Book review: Stormdancer

Stormdancer (Lotus War #1) - Jay KristoffI could probably just write the words “Japan, fantasy, steampunk” and be done with this book review, because that would be enough to make a lot of you reading this blog to go and pick up Stormdancer. Then again, this book deserves more than three words for its review.

Stormdancer, by Australian author Jay Kristoff, is set in Shima – a world whose lands and skies have been polluted by the military dictatorship of the Lotus Guild. The great beasts that once roamed the world have been driven to extinction by industrialisation, and yet the brutal Shogun still employs the Hunt Master Masara- seemingly for vanity’s sake alone. But then he sends Masaru and his daughter Yukiko on an impossible quest to capture a griffin, and Yukiko suddenly becomes embroiled in a world of rebellion and intrigue and forms a mysterious bond with a fabled beast of legend.

Stormdancer not only combines many of my favourite Japanese things – samurai, martial arts and mythology – as well some hybrid creations – chainkatana and the clans of the Fox (to which Yukiko and Masaru belong), Tiger (the ruling Shogun’s family), Dragon and Phoenix. If you ever felt you had a huge fantasy/Japan book-shaped hole in your heart, this will fill it.

Kristoff’s writing is very atmospheric and does a very good job and not only building this entire new world up in your mind but getting you completely stuck in. I read this book very quickly in the space of a few days so am pleased that it is in fact the first in The Lotus War trilogy, meaning plenty more reading for me!

There are also plenty of standout characters – Yukiko wields her katana like a bad-ass but she’s flawed in the choices she makes and not a Mary Sue (thank god), so is genuinely likeable. I also particularly liked her father Masaru, who despite his good intentions is at times let down by his addiction to smoking the toxic Lotus root, and the mysterious griffin Buruu (minor spoiler, Yukiko obviously finds an actual griffin). While some of the characters are a bit more stereotypical, this wouldn’t be a fantasy epic without them.

I would highly recommend Stormdancer and the rest of The Lotus War trilogy to anyone who loves a good fantasy story and wants to combine it with their love for Japanese culture. I’ll definitely be reading the rest of the series at a later date…


6 thoughts on “Book review: Stormdancer

  1. Wow. The first time I heard about this book is in an epic ragestorm over the incorrect use of the “-sama” honourific and Japanese language and culture in general.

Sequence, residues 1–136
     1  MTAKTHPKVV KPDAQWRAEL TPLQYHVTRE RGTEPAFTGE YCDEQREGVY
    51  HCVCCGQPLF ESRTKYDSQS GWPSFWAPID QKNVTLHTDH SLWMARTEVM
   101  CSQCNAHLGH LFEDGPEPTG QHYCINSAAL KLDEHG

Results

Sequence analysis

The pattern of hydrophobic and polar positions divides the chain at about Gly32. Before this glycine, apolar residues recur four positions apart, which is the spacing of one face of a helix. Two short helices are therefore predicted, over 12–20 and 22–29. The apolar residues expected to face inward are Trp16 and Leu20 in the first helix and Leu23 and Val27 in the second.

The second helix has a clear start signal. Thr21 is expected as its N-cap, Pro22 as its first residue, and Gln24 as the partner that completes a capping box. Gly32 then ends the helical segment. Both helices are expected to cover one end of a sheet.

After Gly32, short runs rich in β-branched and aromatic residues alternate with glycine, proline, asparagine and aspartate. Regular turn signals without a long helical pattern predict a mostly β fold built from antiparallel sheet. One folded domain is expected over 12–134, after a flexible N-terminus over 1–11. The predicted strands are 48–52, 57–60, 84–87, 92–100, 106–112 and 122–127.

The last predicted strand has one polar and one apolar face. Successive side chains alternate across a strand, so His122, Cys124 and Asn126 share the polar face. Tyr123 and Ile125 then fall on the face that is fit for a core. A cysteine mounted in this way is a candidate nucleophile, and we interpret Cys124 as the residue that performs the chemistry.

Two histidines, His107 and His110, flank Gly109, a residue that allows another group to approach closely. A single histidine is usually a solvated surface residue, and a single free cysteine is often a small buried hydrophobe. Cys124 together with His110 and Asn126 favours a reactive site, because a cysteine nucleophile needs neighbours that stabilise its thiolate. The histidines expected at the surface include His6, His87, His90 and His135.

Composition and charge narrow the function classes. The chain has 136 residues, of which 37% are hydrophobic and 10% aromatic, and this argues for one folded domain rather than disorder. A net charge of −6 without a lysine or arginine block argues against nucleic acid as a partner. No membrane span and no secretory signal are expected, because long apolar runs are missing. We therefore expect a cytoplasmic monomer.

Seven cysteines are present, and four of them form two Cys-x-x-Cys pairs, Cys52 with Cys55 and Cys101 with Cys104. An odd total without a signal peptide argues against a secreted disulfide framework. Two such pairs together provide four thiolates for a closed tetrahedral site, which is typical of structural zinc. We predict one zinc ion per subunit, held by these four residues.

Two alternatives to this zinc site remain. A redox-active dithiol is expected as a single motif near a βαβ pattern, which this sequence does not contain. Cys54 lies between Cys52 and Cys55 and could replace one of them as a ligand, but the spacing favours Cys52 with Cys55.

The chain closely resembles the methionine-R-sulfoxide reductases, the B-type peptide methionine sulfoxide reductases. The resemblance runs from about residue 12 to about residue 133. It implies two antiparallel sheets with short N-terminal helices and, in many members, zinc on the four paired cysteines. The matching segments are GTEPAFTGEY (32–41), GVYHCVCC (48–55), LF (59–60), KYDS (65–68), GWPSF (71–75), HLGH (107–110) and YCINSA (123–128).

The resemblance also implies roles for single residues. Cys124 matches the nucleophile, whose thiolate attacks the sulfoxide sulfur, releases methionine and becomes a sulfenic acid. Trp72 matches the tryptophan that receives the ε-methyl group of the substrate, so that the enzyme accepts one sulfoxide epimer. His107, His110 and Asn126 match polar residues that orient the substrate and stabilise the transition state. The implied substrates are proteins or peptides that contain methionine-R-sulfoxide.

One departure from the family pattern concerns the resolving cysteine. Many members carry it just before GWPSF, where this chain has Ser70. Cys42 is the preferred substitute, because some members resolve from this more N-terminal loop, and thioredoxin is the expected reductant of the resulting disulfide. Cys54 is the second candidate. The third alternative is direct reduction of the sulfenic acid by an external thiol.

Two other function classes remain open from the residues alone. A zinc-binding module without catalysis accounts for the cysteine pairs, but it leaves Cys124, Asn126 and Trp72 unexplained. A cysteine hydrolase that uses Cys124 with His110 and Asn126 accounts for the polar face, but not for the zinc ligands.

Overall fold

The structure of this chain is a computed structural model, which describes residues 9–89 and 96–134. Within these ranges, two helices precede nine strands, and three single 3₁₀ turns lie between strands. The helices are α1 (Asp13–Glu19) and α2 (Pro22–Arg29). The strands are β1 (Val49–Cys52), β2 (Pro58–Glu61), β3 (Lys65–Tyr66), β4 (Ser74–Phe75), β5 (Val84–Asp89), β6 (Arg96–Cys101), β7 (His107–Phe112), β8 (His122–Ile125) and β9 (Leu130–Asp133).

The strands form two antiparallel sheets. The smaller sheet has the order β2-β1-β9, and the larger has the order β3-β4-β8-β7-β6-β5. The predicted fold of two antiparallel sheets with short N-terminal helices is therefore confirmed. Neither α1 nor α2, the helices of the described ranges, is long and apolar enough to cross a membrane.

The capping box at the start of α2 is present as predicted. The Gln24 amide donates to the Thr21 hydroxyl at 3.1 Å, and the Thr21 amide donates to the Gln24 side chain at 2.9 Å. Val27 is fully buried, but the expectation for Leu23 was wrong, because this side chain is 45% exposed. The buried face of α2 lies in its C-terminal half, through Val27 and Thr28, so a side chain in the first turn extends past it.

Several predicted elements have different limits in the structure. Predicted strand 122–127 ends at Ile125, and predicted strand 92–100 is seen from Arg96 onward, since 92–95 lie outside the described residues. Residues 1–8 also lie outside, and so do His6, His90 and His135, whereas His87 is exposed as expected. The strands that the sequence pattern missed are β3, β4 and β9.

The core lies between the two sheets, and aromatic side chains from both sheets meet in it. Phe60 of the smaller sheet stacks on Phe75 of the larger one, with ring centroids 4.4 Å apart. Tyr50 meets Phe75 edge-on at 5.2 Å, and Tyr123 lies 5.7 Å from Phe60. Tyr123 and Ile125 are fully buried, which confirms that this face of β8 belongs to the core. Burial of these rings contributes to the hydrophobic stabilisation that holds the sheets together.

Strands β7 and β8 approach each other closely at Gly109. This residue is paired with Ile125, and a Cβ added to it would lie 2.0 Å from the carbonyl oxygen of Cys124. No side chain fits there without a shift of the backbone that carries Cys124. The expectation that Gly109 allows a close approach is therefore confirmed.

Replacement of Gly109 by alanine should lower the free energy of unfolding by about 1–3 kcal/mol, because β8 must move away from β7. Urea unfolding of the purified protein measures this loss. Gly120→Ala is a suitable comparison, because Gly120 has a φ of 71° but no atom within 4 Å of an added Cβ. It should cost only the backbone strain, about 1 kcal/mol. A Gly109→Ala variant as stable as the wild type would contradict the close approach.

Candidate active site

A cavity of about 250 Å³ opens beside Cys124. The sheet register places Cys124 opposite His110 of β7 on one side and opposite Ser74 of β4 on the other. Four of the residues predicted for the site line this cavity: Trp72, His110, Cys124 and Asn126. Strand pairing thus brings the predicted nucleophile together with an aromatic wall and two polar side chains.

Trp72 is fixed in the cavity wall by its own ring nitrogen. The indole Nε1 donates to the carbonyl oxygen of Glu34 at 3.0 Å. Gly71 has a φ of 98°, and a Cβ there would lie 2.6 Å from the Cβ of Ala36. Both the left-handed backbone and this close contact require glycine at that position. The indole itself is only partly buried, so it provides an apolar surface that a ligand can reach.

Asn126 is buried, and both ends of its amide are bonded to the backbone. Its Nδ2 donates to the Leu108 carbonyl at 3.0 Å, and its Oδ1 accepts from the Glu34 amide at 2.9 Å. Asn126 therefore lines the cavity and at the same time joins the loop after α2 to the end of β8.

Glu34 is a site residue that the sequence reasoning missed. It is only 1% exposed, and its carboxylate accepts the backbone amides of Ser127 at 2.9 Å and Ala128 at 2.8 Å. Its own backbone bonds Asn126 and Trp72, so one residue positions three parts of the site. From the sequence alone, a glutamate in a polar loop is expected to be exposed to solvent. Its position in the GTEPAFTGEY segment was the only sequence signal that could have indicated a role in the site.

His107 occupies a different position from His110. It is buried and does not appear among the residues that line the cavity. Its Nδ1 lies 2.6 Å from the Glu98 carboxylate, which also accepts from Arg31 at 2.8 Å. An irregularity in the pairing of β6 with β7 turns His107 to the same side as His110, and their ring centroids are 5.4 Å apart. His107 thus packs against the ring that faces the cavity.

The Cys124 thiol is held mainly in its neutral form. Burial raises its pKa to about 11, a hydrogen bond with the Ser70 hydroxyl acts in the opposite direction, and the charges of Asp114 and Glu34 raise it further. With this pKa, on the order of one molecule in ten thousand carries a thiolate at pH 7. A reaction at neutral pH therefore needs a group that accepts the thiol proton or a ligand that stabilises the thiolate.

It seems like anyone who knew anything about Japanese culture hated it. You’re the first person to say you love it it. Unless they revised that in later editions…

    • Yeah, I actually eliminated the mention of ‘sama’ being used incorrectly because I wasn’t sure how many people would find issue with it. There were some Japanese linguistic faux-pas but I genuinely enjoyed the story and fantasy elements, so would recommend giving it a go!

      • Haha, glaring errors like that to distract me from the story, so I’ll have to pass. The last time I read a book with that kind of mistake going on, I couldn’t even finish reading chapter 1.

      • It’s really a shame, because it sounded so interesting, but language really does bother me a lot.

      • Each to their own! I was able to forgive some of the language errors because I loved the fantasy element, but can see why some people wouldn’t be able to look past it. As far as I know there aren’t many other stories like it around though (fantasy/Japan fusion) unless you have recommendations?

      • There’s Shadows of the Moon by Zoe Marriott. It’s got rave reviews, but I haven’t read it.

        I’ve also found this one called Fox and Peach. It’s about a kitsune girl trying to survive not only the Sengoku jidai, but also the anti-youkai sentiments from the people and also (maybe) squabbling between the youkai themselves.

        It actually name Sengoku figure names like Mouri Motonari and whatnot, but it’s mostly fictional. I haven’t read too much of it, though.

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